Of the top ten costliest hurricanes of all time in the U.S., nine have been since 2004. And half have been in the past five years.
In the past three years, the city of Houston alone has endured three so-called 500-year floods.
While there’s much we don’t know about climate change, here are three things we know for certain:
- Climate change increased the intensity and likelihood of storms – 2017 was a devastating year of natural disasters, by any measure, from wildfires in several western states to intense heatwaves in the Southwest to Harvey, followed closely by Hurricanes Irma and Maria.
A recent study by hurricane experts in the Proceedings of National Academy of Sciences found that Harvey’s unprecedented 51 inches of rainfall in the Houston area, as well as wind speeds in other parts of the state, were three times more likely and 15 percent more intense than without climate change. The study even called the rainfall “biblical” – as in, it has likely occurred only once since the time the Old Testament was written.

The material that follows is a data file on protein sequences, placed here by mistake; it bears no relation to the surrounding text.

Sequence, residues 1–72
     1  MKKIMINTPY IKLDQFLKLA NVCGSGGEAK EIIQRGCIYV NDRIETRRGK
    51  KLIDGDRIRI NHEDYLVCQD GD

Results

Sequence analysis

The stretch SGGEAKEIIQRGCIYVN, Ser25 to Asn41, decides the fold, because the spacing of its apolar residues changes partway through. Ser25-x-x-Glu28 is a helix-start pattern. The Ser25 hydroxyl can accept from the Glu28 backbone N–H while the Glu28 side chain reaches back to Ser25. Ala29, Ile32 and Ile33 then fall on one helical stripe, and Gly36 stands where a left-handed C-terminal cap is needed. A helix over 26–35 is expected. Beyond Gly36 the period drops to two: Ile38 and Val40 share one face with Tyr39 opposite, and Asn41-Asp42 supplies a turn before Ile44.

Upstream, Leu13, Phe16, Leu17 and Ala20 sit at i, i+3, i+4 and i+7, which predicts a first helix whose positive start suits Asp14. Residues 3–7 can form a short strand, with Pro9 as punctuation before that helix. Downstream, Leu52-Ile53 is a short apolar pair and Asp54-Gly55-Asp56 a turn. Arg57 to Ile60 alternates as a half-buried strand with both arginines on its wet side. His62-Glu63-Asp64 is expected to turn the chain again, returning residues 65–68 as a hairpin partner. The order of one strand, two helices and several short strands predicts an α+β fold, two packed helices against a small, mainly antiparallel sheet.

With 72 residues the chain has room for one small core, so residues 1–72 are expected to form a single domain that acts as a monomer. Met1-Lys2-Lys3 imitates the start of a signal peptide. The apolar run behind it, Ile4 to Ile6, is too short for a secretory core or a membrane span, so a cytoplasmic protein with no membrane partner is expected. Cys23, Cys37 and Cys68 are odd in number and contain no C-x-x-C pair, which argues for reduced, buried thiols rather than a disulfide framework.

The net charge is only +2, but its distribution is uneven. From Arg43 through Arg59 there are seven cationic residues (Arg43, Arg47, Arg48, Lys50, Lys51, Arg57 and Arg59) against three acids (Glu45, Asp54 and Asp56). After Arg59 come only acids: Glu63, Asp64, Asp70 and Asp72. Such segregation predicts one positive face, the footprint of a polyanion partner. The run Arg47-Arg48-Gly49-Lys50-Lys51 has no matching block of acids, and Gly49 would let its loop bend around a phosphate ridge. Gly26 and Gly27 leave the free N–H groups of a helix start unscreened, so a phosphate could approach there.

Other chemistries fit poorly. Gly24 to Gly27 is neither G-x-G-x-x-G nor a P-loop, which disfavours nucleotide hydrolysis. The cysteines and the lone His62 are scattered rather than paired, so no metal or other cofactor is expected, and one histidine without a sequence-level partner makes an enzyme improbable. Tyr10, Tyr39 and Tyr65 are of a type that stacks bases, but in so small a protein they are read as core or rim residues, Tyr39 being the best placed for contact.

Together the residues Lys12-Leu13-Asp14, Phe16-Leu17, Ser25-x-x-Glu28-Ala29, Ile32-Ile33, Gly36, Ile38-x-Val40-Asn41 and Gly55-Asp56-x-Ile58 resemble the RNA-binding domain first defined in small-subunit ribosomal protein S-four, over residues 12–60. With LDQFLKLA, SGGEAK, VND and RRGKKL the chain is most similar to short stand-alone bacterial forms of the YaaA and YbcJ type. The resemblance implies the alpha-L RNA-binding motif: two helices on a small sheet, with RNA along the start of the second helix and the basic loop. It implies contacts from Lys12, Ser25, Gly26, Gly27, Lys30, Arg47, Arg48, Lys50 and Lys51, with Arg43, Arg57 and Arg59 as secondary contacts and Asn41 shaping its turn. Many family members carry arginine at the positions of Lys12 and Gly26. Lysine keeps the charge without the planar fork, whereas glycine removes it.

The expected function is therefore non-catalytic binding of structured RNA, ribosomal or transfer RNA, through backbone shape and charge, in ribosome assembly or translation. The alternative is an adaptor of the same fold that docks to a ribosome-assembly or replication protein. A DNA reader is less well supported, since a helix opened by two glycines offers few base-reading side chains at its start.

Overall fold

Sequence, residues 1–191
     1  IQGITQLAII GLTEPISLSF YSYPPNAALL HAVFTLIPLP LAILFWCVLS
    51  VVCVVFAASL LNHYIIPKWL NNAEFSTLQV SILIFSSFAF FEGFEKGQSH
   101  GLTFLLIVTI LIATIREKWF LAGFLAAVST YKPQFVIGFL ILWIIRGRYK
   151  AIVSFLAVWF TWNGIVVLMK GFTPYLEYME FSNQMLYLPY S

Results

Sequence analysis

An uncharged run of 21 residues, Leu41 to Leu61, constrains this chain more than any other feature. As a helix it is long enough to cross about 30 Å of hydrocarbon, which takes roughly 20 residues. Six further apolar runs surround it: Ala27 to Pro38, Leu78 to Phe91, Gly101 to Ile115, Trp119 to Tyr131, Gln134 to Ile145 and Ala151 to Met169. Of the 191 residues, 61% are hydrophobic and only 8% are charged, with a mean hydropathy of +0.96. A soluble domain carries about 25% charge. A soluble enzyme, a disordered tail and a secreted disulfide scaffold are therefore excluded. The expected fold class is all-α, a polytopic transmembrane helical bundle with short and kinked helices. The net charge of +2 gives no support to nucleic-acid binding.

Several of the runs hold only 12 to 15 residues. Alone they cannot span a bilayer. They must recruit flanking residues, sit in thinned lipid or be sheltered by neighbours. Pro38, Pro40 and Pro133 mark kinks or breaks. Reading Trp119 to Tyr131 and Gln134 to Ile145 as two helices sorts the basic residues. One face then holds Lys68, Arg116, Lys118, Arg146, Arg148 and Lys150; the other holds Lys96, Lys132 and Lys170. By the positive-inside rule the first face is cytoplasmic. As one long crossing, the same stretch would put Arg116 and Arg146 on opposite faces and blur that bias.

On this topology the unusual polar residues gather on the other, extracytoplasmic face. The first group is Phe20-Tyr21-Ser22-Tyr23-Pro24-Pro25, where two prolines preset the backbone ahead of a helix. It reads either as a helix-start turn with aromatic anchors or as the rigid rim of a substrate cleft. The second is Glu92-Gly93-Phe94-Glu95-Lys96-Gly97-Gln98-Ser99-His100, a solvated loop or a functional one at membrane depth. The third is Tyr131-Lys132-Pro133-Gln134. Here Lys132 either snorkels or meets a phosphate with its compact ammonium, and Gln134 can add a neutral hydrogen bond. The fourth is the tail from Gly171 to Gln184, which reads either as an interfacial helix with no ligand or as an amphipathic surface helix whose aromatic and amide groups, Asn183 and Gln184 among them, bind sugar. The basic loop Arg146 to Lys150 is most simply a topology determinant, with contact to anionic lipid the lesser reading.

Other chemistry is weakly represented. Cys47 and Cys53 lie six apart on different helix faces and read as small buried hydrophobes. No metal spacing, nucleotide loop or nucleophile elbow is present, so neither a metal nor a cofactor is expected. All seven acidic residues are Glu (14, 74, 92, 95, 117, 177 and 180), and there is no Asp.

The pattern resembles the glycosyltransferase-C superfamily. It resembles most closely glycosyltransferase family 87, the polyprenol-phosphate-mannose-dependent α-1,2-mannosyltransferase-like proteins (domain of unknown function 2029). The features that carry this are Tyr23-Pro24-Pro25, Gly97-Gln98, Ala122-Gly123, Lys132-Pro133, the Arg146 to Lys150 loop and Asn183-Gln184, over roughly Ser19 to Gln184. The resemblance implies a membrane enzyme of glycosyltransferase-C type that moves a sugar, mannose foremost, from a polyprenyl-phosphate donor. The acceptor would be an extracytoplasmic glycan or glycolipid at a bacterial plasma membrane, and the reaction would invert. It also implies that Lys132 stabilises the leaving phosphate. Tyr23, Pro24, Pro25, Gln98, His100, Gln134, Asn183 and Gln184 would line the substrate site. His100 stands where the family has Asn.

In Texas now, the odds of another Harvey-like rainfall could be nearly 1 in 5 per year by 2100 – put another way, rain of this magnitude could hit the state 18 times more often by the end of the century. Storms that have more than 20 inches of rain in Texas are about six times more likely now than they were at the end of the 20th century, just 18 years ago.
Climate change did not cause Hurricane Harvey, but it certainly made its impact much worse. Like an athlete on steroids, climate change enhances the performance of an already powerful force.
- The costs are and will continue to be enormous – If we do not act to mitigate further damage, while adapting our infrastructure and our systems to the reality of climate change, we will face dire financial consequences that may prove impossible to work around.
- The impact on people is much deeper than numbers and dollars – Climate change isn’t just about studies and storm patterns, it means people are devastated.
After Hurricane Harvey in Texas, Harris County Judge Ed Emmett said, “Three 500-year floods in three years means either we’re free and clear for the next 1,500 years or something has seriously changed.”
Unfortunately, the reality is the latter.
[Environmental Defense Fund]